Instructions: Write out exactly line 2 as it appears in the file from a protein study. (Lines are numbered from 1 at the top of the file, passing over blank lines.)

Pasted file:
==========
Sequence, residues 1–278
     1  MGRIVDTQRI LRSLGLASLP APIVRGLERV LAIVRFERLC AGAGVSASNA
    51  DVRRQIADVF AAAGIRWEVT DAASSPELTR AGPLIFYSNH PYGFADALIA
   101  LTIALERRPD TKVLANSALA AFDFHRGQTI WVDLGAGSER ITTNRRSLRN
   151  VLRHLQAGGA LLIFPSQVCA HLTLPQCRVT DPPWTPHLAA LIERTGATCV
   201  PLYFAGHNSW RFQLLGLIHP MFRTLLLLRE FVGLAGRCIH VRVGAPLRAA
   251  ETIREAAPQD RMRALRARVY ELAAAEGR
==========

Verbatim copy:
     1  MGRIVDTQRI LRSLGLASLP APIVRGLERV LAIVRFERLC AGAGVSASNA